The Russian writer chased butterflies, and fame, in America.
When Vladimir Nabokov (1899-1977) arrived in New York in 1940, fleeing war-torn Europe, he was a struggling writer who hoped to make a living from college teaching. Two decades later, after the American publication of Lolita in 1958, he returned to Europe a literary star. In this fresh and engaging biography, biographer, novelist, and critic Roper (Writing and Film/Johns Hopkins Univ.; Now the Drum of War: Walt Whitman and His Brothers in the Civil War, 2008, etc.) traces the trajectory of his career, friendships, and family life, as well as his indefatigable passion for butterflies. Drawing judiciously on Brian Boyd’s Vladimir Nabokov: The American Years (1991) and Stacy Schiff’s biography of Vera Nabokov (1999), as well as the writer’s correspondence, Roper illuminates such works as Pnin, Speak, Memory, and Pale Fire. Foremost among Nabokov’s new American friends was eminent literary critic Edmund Wilson, a trusted reader, who was instrumental in forging publishing connections. Although the friendship eventually ended in bitterness, Roper sees the two men as kindred spirits: “literary out to their fingertips, contentious know-it-alls; sons of upper-class families, their fathers distinguished jurists involved in politics; lovers of Proust, Joyce, Pushkin.” Because of Wilson’s stewardship, Nabokov found that “cultured, powerful people were magically available to him.” Fame, though, did not come quickly. Moving from one teaching job to another—Stanford, Wellesley, Harvard, Cornell—gave Nabokov, Vera, and their son ample opportunity to mount butterfly-hunting expeditions that resulted in a huge collection, which Nabokov donated to the American Museum of National History. Roper traces those journeys, illustrating the book with his own photographs of motor courts where the family stopped and various landscapes that they explored during their 200,000 miles of travels.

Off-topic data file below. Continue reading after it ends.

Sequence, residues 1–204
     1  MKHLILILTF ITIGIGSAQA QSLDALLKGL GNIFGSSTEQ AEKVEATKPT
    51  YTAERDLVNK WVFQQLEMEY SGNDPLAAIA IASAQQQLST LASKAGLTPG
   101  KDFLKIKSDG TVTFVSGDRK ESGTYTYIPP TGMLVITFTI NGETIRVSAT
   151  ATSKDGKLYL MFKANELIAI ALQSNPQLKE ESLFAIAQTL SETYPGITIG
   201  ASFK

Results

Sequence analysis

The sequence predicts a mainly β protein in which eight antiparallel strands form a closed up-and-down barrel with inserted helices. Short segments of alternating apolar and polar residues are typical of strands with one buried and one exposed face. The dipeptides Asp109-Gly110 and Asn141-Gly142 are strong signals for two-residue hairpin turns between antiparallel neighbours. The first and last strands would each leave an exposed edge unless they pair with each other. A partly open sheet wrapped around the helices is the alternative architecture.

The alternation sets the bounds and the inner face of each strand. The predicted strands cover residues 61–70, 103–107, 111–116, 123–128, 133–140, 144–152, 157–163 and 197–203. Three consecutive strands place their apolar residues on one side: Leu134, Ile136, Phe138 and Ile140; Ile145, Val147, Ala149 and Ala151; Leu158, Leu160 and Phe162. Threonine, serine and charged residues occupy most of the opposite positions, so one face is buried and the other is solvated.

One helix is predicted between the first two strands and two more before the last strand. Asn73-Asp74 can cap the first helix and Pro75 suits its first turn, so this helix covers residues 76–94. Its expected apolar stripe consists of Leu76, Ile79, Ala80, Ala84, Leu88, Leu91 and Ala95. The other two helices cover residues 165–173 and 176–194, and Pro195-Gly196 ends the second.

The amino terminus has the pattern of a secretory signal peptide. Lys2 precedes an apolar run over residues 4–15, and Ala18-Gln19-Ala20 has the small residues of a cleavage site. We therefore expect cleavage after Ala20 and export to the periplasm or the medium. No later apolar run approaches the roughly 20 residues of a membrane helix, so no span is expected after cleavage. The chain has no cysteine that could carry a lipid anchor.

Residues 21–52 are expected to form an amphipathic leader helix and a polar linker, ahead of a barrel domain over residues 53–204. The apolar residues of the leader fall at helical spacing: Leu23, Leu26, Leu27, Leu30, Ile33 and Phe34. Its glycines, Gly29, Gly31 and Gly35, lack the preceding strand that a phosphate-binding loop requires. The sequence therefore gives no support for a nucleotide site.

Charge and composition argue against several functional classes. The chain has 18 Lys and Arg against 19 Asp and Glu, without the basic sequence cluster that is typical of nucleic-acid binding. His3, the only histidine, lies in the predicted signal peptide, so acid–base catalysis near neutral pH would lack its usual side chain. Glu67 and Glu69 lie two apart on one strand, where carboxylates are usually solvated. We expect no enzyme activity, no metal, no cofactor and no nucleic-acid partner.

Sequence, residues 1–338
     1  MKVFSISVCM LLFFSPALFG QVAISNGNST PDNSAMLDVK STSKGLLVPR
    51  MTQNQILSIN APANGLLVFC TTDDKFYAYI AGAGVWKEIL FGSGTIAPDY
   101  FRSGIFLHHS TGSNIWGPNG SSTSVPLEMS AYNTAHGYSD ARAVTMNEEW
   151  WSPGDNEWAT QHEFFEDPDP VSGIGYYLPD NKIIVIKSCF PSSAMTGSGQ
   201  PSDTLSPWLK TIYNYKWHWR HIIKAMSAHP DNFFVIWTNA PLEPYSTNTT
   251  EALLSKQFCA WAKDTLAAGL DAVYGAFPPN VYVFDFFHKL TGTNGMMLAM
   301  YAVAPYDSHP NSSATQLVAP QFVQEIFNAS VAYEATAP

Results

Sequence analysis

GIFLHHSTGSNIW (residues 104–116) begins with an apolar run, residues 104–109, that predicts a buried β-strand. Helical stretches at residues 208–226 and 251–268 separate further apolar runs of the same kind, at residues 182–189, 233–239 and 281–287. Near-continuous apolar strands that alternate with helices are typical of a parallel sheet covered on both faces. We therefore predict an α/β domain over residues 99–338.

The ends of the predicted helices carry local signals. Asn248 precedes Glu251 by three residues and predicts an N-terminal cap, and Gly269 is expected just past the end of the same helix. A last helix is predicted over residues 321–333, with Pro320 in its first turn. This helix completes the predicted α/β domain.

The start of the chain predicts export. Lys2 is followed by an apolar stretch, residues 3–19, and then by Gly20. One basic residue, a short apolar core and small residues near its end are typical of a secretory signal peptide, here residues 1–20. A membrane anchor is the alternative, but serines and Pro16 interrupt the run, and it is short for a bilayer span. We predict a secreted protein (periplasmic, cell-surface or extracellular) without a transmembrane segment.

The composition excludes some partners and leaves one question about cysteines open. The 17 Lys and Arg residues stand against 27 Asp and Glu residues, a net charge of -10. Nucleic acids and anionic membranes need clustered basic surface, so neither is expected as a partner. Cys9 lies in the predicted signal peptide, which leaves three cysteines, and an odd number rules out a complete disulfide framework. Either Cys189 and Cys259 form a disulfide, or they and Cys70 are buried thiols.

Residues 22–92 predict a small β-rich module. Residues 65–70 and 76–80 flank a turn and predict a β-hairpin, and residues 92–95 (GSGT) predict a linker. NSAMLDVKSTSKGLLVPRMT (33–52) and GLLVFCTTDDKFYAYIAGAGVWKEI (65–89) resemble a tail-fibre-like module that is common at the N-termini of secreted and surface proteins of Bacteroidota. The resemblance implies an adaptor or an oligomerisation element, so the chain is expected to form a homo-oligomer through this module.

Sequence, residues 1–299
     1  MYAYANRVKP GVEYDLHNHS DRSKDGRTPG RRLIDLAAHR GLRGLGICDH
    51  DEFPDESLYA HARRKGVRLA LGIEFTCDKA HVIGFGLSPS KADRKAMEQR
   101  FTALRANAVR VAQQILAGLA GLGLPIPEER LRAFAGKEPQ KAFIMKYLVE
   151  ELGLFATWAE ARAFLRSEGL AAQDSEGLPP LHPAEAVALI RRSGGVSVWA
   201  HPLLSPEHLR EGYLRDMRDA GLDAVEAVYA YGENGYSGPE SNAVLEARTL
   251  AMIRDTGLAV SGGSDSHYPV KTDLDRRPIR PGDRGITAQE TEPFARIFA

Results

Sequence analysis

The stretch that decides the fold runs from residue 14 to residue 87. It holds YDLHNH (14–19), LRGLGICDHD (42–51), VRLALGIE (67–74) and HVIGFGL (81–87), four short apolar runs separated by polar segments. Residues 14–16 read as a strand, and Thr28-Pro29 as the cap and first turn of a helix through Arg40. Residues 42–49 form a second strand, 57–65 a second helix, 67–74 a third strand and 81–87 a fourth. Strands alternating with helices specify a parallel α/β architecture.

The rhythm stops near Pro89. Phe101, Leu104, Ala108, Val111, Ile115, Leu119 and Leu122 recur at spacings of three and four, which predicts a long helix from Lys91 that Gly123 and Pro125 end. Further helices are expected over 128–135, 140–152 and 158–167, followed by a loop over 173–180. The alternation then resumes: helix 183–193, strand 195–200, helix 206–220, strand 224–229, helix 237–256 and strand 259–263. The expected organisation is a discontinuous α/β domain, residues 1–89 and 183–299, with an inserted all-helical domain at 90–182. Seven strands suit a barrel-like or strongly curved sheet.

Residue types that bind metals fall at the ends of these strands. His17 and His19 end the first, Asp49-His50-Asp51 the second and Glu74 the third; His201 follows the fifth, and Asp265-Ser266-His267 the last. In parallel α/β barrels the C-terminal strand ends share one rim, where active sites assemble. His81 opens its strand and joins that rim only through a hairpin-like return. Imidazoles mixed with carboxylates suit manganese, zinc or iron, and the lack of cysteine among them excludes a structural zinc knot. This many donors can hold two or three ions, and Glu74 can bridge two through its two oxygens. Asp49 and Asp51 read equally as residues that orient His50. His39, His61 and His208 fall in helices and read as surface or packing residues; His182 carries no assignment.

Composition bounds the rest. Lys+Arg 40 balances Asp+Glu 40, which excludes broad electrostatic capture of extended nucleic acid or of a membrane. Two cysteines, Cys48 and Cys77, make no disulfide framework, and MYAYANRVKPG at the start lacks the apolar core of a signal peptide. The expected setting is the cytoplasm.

Although Roper could well have shortened his excerpts from Nabokov’s works and letters, they support his assessment of the writer as “an extremely talented fellow” but not, in every piece of writing, a genius.